PC: And things were going so well today, Tod.
KM: Just to review. Just to go back to the first lesson of the health insurance portability/accountability act, which is called HIPAA. The original goal of HIPAA was to reduce the cost, simplify process, improving privacy and it dealt in the areas of access, fraud and abuse, related health information group and in revenue. It was kind of a, “We just want it protected in a basic way.” And now it’s just seemed to mushroom into the whole technology portion and the tentacles to other entities that we’re not necessarily in control of but we still need to be in control of. Does that make sense?
TF: Yeah, and so when it came out in ’96, it’s the health information portability act. So you’re right – the goal of it was to make the information flow easily between entities and payers and so forth. And so that was really the goal, and then other things have been added to it. So we had a new one come out in ’01 and another one in ’03. Of course, Omnibus that came out in 2013. So each of these iterations, the government every time they’ve come out, they say, “Okay, now we’re really going to pursue it.” And so to a large agree they’ve kind of conditioned us that yeah, they tell us they’re going to put teeth in it and then they really don’t, and so nobody really has really come after us for it. In the past, however that’s really changed. In 2011 and 2012, the Health and Human Services (HHS) did some random audits – 115 of them – and they’re ramping up to do more random audits. They were going to do them earlier this year, but they’re actually holding off because they’re bringing in their own staff to do those audits, plus they’re doing a web portal so that people could upload their policies or procedures and other documentation that’s required during an audit. So we’re going to see them launch those in the next couple months or, at the latest, January/February. And so we know that those audits are coming.
KM: Right. And if there’s a penalty or a fine assessed, is the Department of Justice doing that, or the Civil Rights Department in charge of that?
TF: Okay, so the office for civil rights is the enforcement arm for HHS. And so they could come after us and they can enforce the penalties and we need to realize that with Omnibus, it gave them the ability to fine us up to $1.5 million per violation per calendar year. And so that’s why we’re seeing some of these bigger fines. In my discussions with folks from HHS, they’ve indicated to me that they want to do fines that are strong enough to hurt but not kill entities and to make examples of them. And so that’s why we’re seeing those happen. So we see different amounts of fines. So OCR could come after us. The State Attorney’s General can also come after us and we’re seeing that happen. And so both of those both have legal regulations/requirements allowing them to enforce HIPAA. In addition to that – now HIPAA does not allow for civil lawsuits, however we’re seeing civil lawsuits, including class action lawsuits, being won on the grounds that the entity was not following HIPAA, which is not considered best practices, so therefore the entity was negligent or it’s a malpractice issue. So we’re seeing entities getting hit with class action lawsuits. Settlements again that are massive like I mentioned with Stanford. We’re also seeing the FTC come after entities. Now the FTC – what in the world do they have to do with HIPAA? Absolutely nothing, however in the FTC bylaws it states that they are responsible for making sure the industry secures their customer data. And so that is the regulation that they’re using to go after health care entities that have had a breach. And so we’ve seen at least two entities already that have had to deal with the FTC. One of them being LabMD, who’s now out of business because of it. So realize that HHS is not the only one coming after us. There’s lots of others that are looking at it and the lawyers are starting to see that, you know what there’s some deep pockets here. Whether you have a deep pocket or not, they think that you do. And we all know that in health care there really isn’t the kind of money and margins that the public tends to think that there is. There really isn’t the deep pockets that people think that is there. And so unfortunately we have that perception and that’s going to fuel a lot of these lawsuits going forward.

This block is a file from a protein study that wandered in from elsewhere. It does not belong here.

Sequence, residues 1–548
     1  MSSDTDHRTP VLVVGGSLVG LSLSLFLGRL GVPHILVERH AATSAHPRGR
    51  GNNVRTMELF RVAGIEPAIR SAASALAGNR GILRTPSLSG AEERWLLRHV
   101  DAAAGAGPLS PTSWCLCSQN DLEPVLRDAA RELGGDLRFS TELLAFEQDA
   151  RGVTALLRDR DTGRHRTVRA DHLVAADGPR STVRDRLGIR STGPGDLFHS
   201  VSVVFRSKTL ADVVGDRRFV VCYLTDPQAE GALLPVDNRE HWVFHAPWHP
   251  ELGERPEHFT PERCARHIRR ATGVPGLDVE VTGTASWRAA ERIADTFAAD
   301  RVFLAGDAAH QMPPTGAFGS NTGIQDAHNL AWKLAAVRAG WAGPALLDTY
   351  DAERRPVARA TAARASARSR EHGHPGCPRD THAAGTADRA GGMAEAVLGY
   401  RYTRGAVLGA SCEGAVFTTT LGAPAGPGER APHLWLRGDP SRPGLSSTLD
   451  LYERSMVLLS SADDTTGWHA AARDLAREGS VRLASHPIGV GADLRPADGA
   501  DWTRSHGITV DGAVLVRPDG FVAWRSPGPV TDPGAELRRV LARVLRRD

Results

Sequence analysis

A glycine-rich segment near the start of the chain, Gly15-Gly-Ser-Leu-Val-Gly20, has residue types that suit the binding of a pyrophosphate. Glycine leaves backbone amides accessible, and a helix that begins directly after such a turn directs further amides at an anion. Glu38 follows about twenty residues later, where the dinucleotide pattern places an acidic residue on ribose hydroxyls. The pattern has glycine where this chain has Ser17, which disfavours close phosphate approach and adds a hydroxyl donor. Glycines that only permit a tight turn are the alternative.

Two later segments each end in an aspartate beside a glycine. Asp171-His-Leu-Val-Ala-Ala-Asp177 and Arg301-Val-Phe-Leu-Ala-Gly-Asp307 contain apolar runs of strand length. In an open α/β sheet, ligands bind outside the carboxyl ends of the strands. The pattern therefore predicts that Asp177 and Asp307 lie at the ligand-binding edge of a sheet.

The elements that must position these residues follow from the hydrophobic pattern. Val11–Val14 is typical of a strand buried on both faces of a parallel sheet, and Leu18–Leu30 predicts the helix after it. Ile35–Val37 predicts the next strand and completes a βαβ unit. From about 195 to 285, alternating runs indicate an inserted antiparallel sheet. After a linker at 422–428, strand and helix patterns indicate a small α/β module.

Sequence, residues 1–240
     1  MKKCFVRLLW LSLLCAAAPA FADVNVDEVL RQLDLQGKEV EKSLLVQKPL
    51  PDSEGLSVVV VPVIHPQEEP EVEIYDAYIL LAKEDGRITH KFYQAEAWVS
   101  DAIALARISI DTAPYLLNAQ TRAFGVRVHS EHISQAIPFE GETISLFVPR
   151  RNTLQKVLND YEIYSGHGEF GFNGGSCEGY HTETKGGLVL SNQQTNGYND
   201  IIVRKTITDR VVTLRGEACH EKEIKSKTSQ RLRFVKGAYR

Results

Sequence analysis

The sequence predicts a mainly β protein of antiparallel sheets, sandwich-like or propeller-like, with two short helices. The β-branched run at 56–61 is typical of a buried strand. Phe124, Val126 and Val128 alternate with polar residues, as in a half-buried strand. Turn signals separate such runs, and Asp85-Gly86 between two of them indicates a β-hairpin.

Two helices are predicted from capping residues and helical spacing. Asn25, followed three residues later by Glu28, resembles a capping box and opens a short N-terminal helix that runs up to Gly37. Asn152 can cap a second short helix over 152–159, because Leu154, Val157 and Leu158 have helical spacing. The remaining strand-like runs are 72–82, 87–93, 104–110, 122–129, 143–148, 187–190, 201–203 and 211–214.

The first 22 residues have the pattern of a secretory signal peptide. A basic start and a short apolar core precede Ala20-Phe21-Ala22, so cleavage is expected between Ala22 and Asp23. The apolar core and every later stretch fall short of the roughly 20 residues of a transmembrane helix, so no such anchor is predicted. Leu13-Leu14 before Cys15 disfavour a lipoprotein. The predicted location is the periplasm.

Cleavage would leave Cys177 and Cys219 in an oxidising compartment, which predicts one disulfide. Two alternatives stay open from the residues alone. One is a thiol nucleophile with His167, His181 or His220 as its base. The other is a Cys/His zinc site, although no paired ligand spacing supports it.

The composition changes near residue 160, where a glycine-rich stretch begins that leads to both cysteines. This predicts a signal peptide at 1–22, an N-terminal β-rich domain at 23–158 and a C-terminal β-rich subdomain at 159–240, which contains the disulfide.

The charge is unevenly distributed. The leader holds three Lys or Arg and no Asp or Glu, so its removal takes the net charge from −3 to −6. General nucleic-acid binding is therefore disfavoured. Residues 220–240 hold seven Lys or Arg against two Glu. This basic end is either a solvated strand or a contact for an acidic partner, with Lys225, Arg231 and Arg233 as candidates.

PC: Tod, we’ve got about three minutes left. I want to ask you a couple of quick questions and quick answers and then we’ll do the takeaways segment. The average group counselor – you know, they got the business owner and three, four, five counselors there. Has anyone at any level done any study at the cost involved to implement all these new regs?
TF: Yes. So what we’re finding is that they’re spending anywhere from about $4-12,000 to get fully compliant. For those small types of practices.
PC: And they can all afford that?
TF: Well, you know, unfortunately it’s a cost of doing business now. Some of them don’t think they can afford it, but the other side of the coin is that if you don’t do these things, it’s just a matter of time until the breach has been made public because I can guarantee that you’ve been breached if you don’t have a good firewall in place. And so once that becomes public, you’re probably going to be out of business.
KM: So it’s not a question of, “If,” it’s, “when”?
TF: Absolutely. Every entity I’ve walked into has been breached.
PC: So business is costing more, but the cost of business is going up. But the available cash that people have in their pockets on the other end of the equation, they walk through the front door and the counseling sessions frequently aren’t covered anymore, or aren’t covered very long, not as much. And so the competition drives down the prices for the available dollars – business costs going up, available dollars going down – not good.